International Vegetarian Union (IVU)
IVU logo

A plea for an International Vegetarian Union - 1885

From The Dietetic Reformer and Vegetarian Messenger (Manchester, England), December 1885, p349:

By B. Lindsay (a paper read at the Annual Meeting)

We are apt to magnify the importance of all things belonging to our own nation, and possibly this tendency leads us to undervalue the work which is being done for our cause in other lands. Mr. Anderson, a correspondent of the Vegetarian Society at Novgorod, who communicates with us through a translator, declines - not unreasonably - to be enrolled as a member of the English Vegetarian Society. He suggests that it is now time for the formation of an International Vegetarian Society directed by an International Electoral Committee.

There can be but one opinion as to the desirability of such an International Union, and that an affirmative one; but much discussion as to many practical difficulties must take place before the plan can be carried into execution. It is to be hoped that the members assembled at the Annual Meeting will be able to offer some practical suggestions for an International Vegetarian Congress, as a prelude to the formation of an International Vegetarian Union. Let us gather together representatives of all countries and of all creeds, from our American cousins in the Far West to our Buddhist fellow Vegetarians in the far East.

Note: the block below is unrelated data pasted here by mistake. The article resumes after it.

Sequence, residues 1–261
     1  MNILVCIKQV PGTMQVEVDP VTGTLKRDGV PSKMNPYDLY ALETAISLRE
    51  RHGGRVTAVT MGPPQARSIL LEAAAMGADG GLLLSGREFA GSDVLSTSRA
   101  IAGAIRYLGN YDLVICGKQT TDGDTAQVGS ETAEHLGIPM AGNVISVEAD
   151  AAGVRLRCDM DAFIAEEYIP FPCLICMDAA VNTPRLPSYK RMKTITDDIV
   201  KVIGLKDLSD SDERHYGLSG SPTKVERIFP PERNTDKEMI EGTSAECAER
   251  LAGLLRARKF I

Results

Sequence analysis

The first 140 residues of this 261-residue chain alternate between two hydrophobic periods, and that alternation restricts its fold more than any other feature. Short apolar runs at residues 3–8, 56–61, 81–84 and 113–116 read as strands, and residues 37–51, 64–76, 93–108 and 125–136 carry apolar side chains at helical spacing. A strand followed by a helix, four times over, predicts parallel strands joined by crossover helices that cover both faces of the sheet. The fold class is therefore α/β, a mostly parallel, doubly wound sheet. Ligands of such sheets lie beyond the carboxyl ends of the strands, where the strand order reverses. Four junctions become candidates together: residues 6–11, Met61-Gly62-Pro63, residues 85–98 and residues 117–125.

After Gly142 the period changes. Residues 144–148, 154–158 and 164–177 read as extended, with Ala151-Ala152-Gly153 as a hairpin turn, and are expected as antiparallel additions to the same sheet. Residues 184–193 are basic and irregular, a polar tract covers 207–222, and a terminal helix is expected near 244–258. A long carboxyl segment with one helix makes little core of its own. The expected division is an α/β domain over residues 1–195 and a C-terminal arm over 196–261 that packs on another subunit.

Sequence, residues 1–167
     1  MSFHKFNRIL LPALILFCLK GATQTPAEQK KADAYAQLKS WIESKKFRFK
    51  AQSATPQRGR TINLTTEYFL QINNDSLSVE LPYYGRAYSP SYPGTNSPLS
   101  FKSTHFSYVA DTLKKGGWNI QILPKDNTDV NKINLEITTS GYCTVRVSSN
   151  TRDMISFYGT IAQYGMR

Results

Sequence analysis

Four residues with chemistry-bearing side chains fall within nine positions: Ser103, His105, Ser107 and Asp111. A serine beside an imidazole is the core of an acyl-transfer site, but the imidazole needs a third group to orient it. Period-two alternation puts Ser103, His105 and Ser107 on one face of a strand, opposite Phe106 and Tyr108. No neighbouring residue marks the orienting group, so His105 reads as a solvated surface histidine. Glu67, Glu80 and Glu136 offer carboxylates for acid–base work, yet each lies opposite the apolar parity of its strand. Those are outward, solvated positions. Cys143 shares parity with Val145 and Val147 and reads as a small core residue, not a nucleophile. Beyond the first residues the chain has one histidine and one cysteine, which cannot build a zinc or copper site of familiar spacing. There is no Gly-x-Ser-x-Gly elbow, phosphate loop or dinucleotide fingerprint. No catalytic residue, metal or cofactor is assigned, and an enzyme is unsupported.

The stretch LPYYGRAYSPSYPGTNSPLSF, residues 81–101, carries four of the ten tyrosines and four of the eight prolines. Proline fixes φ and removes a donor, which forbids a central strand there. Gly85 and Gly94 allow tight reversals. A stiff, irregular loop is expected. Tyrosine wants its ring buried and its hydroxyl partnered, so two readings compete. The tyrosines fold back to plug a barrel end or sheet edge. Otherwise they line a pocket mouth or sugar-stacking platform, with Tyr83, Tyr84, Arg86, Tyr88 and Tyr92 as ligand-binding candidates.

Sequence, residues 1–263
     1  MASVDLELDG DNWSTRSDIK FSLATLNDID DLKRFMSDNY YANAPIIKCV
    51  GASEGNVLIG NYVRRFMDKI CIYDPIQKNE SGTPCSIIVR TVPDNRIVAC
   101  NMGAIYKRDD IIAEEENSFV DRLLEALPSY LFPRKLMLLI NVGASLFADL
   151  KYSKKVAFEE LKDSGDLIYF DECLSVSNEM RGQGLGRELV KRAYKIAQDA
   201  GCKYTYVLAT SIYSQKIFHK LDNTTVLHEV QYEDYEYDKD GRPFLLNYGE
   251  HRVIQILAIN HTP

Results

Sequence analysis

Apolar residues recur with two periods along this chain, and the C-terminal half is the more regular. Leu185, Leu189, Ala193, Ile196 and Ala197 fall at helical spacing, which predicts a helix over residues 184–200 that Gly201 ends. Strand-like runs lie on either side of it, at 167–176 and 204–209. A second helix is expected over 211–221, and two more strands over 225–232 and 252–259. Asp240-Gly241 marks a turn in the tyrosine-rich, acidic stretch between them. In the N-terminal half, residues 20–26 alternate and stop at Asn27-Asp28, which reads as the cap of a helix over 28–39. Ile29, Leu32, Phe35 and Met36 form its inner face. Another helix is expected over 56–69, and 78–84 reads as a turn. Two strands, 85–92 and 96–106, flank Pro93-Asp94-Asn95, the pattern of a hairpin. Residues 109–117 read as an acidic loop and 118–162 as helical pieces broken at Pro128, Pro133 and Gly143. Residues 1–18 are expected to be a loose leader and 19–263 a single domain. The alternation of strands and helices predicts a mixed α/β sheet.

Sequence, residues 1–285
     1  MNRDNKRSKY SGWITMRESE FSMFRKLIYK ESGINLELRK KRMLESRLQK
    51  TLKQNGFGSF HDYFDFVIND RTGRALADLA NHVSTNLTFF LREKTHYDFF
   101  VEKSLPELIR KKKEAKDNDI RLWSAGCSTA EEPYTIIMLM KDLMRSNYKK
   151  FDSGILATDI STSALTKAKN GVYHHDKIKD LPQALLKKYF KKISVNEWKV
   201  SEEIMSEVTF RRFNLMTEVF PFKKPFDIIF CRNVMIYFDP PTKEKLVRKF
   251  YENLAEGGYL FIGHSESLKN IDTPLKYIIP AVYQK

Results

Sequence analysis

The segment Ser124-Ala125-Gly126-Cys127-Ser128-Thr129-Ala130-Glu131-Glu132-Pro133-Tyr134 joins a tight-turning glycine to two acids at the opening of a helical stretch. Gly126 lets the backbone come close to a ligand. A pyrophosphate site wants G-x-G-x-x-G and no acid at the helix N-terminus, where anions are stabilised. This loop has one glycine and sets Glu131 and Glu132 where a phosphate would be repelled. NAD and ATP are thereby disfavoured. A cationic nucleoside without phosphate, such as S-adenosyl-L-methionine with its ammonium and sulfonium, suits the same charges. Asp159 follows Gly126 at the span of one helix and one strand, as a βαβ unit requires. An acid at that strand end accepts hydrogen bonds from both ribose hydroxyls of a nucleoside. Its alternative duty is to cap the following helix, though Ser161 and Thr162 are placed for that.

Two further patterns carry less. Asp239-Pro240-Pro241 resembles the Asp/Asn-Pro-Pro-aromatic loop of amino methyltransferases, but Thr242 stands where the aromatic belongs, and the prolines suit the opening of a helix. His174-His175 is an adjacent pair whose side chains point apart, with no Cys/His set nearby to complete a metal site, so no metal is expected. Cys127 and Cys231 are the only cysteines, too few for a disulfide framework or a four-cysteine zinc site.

In the meanwhile we ought to make a courteous compromise with the patriotic scruples of our foreign friends, by asking them not to become members, but corresponding members of our Society.We learn that of old the Vegetarian Society had corresponding members, but the custom has fallen out of use, and is only recorded as a matter of archaic history. We hope that, pending the consideration of an International Congress, a list of foreign correspondents will be made out, and published in the Dietetic Reformer, with an invitation addressed to these foreign allies to send communications to our Society at stated intervals, say on the occasion of every Annual Meeting, or of every May and October Meeting. Such an invitation would doubtless result in bringing us many interesting details regarding work in our cause which is done abroad.